SAN DIEGO -- In a renewed commitment to getting a stadium built here, the San Diego Chargers said Tuesday the team will not exercise its right to terminate the lease at Qualcomm Stadium, committing to play in the city for the 2015 season.
"The team will not be exercising the lease termination clause and will keep working to find a publicly acceptable way to build a Super Bowl-quality stadium in San Diego," Mark Fabiani, special counsel to Chargers president Dean Spanos and the team's point person on the stadium issue, said in a prepared statement.
"Calendar year 2015 will constitute the team's 14th year of work on a San Diego stadium solution."
Since 2007, the Chargers have had a three-month window to renew the team's year-to-year lease with the City of San Diego for Qualcomm Stadium that permits the team to terminate the lease at any time between Feb. 1 and May 1.
The Chargers would have to pay the City of San Diego $17.6 million to leave next year.
The Chargers, the St. Louis Rams and the Oakland Raiders are teams that could potentially relocate to the lucrative Los Angeles Market in 2015.
According to Fabiani, the Chargers are keeping a watchful eye on what happens in Los Angeles, with 30 percent of the team's local revenue -- which includes advertising, sponsorships, club seats and suites -- originating in the Los Angeles market.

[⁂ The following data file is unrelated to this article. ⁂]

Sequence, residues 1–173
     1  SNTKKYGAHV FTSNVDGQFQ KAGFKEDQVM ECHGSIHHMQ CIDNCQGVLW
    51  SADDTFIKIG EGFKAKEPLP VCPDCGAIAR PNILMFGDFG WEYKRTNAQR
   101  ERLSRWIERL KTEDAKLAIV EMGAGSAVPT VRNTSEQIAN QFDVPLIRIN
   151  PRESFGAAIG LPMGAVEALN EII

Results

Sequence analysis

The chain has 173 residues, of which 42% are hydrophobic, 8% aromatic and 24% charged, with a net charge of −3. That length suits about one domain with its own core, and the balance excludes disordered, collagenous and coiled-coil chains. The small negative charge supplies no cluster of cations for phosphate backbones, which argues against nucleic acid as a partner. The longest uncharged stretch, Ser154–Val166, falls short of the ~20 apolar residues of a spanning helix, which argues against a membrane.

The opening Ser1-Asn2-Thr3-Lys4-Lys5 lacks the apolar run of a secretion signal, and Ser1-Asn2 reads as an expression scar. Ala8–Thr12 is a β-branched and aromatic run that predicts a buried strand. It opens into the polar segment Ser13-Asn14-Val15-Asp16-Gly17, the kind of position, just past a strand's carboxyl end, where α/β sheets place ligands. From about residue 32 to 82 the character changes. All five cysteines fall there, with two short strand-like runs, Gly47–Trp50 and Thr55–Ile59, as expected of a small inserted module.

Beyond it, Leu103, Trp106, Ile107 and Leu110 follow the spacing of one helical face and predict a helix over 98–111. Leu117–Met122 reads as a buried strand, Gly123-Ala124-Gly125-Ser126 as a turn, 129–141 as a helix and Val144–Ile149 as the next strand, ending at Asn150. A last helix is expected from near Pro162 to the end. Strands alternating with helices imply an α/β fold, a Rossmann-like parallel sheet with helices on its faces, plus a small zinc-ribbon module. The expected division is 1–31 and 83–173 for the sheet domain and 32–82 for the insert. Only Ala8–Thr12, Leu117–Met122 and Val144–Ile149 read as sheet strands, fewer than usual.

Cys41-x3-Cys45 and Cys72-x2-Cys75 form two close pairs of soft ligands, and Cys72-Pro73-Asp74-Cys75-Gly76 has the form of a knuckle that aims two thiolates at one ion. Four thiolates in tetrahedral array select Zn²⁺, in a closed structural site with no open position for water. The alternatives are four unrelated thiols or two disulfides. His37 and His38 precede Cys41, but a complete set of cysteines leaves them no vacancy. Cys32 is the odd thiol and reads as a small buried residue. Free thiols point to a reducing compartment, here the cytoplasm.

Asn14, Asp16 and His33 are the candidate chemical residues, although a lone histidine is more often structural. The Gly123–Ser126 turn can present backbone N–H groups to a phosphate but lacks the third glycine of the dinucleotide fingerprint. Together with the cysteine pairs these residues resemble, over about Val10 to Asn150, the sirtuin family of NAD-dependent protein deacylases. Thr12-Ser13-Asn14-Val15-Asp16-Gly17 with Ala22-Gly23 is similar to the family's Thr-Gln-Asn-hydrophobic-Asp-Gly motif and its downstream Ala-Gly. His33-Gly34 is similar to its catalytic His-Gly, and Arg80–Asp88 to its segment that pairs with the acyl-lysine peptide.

JMI Reality, the development company responsible for the San Diego Padres' Petco Park, has proposed building a $1.4 billion multipurpose facility with a retractable roof that would house a new football stadium for the Chargers, along with planned expansion of the convention center that would include an exhibition hall below the football field, and a meeting room and ballroom space in an attached building, with views of the field and bay.
However, the Chargers have not built consensus on the proposal with local business and community leaders. If consensus on a proposal is met, a possible vote on the project could appear in front of voters on a countywide ballot as early as the general election in November 2016.
The proposal would need a two-thirds majority vote in order to use hotel tax money as a funding source for the project. That funding source has been contemplated for use on the convention center expansion.
San Diego Mayor Kevin Faulconer has indicated his willingness to work with the Chargers on a stadium solution, as long as taxpayers are protected.
"We have to get this done," Faulconer said in an interview with local radio station The Mighty 1090. "It's too important to us as a city. And it's not just the city, it's in fact the entire San Diego region. The Chargers are extremely important to San Diego. The Chargers belong in San Diego.
"We have a facility that is outdated, and that's just the facts. I've been on the job for eight months now, and I've said we have to call the question. We have to get this done. And we have to bring everybody to the table to solve this once and for all. And I'm committed to doing that."